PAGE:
• How do they determine the appropriate rent to be charged for the property? And what advice can they offer to maximise rent for the property, now and in the future? 
  • How will a property be advertised for rent? Are tenants shown through the property individually if they are not able to attend a scheduled showing?
  • How are prospective tenants screened and selected? What systems are in place to check credit history, previous rental history, income and employment stability, and references?
  • How often are inspections carried out? Who conducts them? What is the process? There should be a commitment to supplying you with relevant, dated photos postinspection.
  • Are they happy to give you landlord testimonials and references from clients? And are they happy for you to contact their references to discuss their service? Property managers who are proud of their service are happy to do this – and will have clients who are happy to talk about their service.
*This checklist is based on the recommendations of Tamara Schiess from Property Boss
 

 

Vetting tenants: what to ask for and what to check

  • Require them to fill out a detailed application form.
  • Get both professional and personal references and thoroughly verify them.
  • Request at least three months bank statements.
  • Use a credit referencing service.
  • Get extra information – eg: a utility bill in the tenant's name. 
  • Ask them to show evidence of assets.
  • Speak to their current real estate agency and, if possible, some previous landlords to establish their rental history.
  • Call their current employer and, if possible, a past employer to establish their employment record.
  • Ask for a copy of their passport and/or driver’s licence.
  • Secure a guarantor – eg a parent.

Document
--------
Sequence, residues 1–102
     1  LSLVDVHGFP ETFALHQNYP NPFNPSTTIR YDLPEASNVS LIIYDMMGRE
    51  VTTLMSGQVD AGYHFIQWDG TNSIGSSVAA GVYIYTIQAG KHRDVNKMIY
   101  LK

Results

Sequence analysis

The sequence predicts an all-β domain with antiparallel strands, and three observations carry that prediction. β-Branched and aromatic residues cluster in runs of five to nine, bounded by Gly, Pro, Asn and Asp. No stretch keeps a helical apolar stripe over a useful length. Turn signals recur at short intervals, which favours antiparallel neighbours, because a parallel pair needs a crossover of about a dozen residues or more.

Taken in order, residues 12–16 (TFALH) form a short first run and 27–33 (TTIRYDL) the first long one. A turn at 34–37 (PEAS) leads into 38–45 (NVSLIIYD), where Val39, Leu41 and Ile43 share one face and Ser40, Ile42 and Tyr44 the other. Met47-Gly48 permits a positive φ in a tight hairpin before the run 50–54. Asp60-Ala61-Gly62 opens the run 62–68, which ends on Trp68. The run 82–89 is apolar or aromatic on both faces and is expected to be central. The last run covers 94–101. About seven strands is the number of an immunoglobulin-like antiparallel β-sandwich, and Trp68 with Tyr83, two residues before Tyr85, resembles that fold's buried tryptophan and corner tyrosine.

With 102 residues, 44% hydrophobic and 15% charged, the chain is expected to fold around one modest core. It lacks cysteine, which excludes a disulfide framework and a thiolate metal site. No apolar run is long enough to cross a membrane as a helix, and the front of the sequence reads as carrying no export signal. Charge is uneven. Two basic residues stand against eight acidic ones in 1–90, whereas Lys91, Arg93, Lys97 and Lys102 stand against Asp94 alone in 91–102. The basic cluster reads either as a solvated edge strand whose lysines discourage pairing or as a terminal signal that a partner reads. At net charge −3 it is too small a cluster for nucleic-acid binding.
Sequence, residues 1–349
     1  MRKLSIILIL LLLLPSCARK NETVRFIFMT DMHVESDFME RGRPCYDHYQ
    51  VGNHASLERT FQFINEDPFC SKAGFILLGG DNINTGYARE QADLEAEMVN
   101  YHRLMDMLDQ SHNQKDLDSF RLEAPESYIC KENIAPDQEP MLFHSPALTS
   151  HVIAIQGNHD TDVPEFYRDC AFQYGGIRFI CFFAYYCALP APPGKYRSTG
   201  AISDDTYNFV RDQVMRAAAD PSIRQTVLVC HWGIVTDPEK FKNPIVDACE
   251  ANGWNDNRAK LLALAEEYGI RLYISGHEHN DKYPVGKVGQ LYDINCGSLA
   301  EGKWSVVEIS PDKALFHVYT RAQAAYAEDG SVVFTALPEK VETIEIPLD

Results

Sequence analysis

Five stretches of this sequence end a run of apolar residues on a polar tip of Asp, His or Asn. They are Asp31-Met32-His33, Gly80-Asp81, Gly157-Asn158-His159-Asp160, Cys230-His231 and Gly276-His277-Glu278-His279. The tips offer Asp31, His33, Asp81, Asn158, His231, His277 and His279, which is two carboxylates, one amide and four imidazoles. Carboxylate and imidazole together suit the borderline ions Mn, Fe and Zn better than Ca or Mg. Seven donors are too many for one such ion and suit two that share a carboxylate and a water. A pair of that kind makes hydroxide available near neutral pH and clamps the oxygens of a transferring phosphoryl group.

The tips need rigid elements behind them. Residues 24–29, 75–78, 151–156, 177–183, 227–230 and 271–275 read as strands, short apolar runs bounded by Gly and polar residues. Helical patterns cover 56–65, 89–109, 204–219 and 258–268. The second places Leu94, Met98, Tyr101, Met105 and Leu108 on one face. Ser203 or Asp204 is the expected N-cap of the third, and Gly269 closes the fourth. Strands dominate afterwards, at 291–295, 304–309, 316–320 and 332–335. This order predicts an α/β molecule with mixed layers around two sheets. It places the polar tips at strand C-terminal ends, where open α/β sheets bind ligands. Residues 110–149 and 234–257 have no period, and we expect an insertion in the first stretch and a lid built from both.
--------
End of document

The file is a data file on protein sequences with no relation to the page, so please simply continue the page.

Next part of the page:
• Check tenancy databases to see if they have been listed as a bad tenant.
  • Always meet them in person to assess them and get a feel for who they are.
*This checklist is based on the advice of Eezirent’s Diane Bukowski, Rent My Estate’s Michael Gilbert and Property Boss’s Tamara Schiess.


Finding good tenants

Whether or not you decide to employ a property manager, it is sensible to have an understanding of the processes involved in finding and selecting tenants. Even if you never have to carry out these tasks yourself, you should know how it should be done. This is to ensure you are getting the best tenants possible to maximise returns on your investment.

The key to finding a good tenants lies in: 

1. Attracting quality prospective tenants to your property with effective advertising, marketing and property presentation.
2. Comprehensively and rigorously screening tenant applicants to identify the best, most reputable prospects.

While there are a set of crucial checks and vetting practices that need to be applied in this process, it is not a science. Both Bukowski and Gilbert emphasise the importance of getting to know applicants on a personal basis – and also “going with your gut instincts” about them.

Meanwhile, Schiess says that one of the traps people fall into is rushing into a decision too quickly. “But an
extra week or two of rent might pale in significance compared to a bad tenant decision made in a hurry. It is important to take the time to find the right fit in a tenant from the start."


Staying on top of maintenance

When it comes to the maintenance of your property there are two essential guiding rules which all landlords must stick to. These are:

1. Safety always comes first. Landlords are responsible for ensuring the safety of their property. It is crucial that nobody – be they tenants, neighbours, or the public – suffer injury or damage due to neglect of repairs or maintenance.

2. Attend to repairs and maintenance issues as quickly as possible. Do not let any such issues sit idle. Even a minor problem can quickly become an expensive one.
 



This feature is from the September issue of Your Investment Property Magazine. Download the issue to read more.